Interview: Bedroom brings honesty to dreampop

Artwork by Sean Bernhardt

Artwork by Sean Bernhardt

There is a casual, yet deep acceptance of whatever comes to Noah Kittinger. That affect oozes from his dreampop/ambient band, Bedroom. Kittinger is an 18-year-old from Nashville, Tennessee with a knack for writing songs that bridge the gap between heartbreak and hope. 

Bedroom's most recent release Grow, was released May 20 under Furious Hooves, an independent record label in Savannah, Georgia. 

The solo-project began his sophomore year in high school, when he released his first EP, Vivid. 

"I was recording all this stuff and...writing a lot of stuff, and there was a lot of stuff going on in my personal life. Stuff that I just needed to write about. And I felt like releasing it would be the only way to put it behind me," Kittinger said. 

With his recent work however, Kittinger wanted to remove the reverb-veil on his voice.

"I knew that the stuff that I did in the past was just drenched with reverb because I was really self-conscious about my voice," Kittinger said. But with newfound confidence in his art, untainted vocals lend to the raw emotion in his new album. 

Grow begins with an ominous ambient sound, and then a very grounded and intimate guitar melody comes in. It's met with a reverbed and impossibly distant guitar that just about tears your heart out. 

"We All Need Something" features a swinging, open melody that forces you to bob along. Jade Lowhon, who contributed vocals on two tracks, adds a lifting second voice and atmospheric vibe. Lowhon and Kittinger became friends on Facebook a few years back, and happened upon a collaboration. 

"In the song 'Drift Away' I wanted a female to sing it with me and I just really liked her voice...She’s very talented," Kittinger said. 

Every lyric and note is so honest. Kittinger's music doesn't bullshit. If he's sad–he's going to tell you and why. And every note will tell you exactly how he felt about it. "Hurry, Get Up" leaves you with an anxious and surly mood. While "Drift Away" takes you to a bedroom (pun intended) as a stream of consciousness  reflects on the anger in the previous song. 

Bedroom is an appropriate title of Kittinger's solo project. There's an isolated feeling within the melody's, but out of that isolation comes a pure and raw product.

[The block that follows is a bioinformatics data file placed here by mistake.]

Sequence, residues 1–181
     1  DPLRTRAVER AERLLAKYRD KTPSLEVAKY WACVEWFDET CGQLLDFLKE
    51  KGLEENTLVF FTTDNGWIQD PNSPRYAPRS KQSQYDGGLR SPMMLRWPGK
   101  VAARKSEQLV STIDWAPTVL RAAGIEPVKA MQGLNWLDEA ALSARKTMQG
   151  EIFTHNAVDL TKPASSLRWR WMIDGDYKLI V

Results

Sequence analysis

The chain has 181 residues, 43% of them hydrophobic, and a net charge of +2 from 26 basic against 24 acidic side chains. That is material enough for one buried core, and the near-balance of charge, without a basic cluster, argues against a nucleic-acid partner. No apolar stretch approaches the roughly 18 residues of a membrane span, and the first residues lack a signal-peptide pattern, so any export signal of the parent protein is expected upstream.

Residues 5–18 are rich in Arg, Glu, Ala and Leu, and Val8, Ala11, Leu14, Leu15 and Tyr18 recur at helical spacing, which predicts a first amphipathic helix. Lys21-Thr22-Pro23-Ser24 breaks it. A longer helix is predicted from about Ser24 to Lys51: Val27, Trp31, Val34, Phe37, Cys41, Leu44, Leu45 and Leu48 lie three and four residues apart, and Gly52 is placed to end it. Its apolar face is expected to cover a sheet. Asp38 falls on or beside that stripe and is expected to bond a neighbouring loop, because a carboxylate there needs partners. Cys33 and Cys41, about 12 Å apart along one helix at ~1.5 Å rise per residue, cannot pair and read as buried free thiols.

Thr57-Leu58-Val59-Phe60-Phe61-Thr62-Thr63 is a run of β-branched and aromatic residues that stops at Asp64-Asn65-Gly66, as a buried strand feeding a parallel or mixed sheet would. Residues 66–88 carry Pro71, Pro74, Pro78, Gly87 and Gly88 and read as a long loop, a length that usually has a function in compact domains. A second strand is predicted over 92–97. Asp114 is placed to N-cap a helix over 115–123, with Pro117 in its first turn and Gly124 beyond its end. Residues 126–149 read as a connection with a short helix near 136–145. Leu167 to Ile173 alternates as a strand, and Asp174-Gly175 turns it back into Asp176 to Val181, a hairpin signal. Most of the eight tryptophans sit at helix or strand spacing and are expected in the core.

"I feel like each song is a snapshot of whatever was happening at that moment," Kittinger said. "It's just here’s what’s going on with me. Here’s what's in my head right now and this is me writing about it to help myself, and whether or not you enjoy it, that’s on you." 

Kittinger applies that theory to writing his music. He cites an interest in literature and poetry and finding complexity within those subjects, but when it comes to music, he strives to keep it as simple as possible. 

Album-titled song, "Grow" showcases the simplistic honesty within all of Kittinger's work. When I mentioned just how sad it came across, Kittinger laughed. 

"That is a very sad song, yeah. I think I was just super depressed at that time, well not even depressed...I was over everything. I wanted to write a song that was brutally honest." Kittinger said. "I’m not really a fan of writing metaphors. I just want to lay it all down to for people to listen. I wanted to write something that was brutally honest and I think I did that with that song and I’m really proud of that."

Lyrics from Grow: 

"Everything keeps changing for the worst. It's not a first. The only thing that stays the same is I'm lonely. So lonely. I'm sorry. That I can't change. It's not the same. It's not the same. Lets stop time. Before it wins. It's not the end. It's not the end."

Next for Bedroom is a tour in August, releasing a couple singles relatively soon and moving out of Nashville. According to Kittinger, the dreampop scene isn't particularly striving in his home town, while the punk and garage scene is flourishing. 

"It's either super folky, or people who want to be Jack White or a band that wants to be Kings of Leon," Kittinger said. "I'm not saying that good stuff isn't coming out, my buddies have some crazy stuff they're doing, but in terms of the dreampop, it's not really that big." 

There's no question that music is number one for Kittinger. After a small tour immediatly after Grow came out, he's itching to get back on the road in August. 

"I’m just going to see where things go. I know that I don’t want to stay in Nashville. I’m not sure where yet. I’m the kind of person where I worry about everything. I'm always like 'I don't know where I wanna live yet, is this wrong? Am I gunna be a fucking bum?' But everyone’s like chill out man, it’s going to be okay."

Listen to the full album below, or buy a limited edition white vinyl or cassette here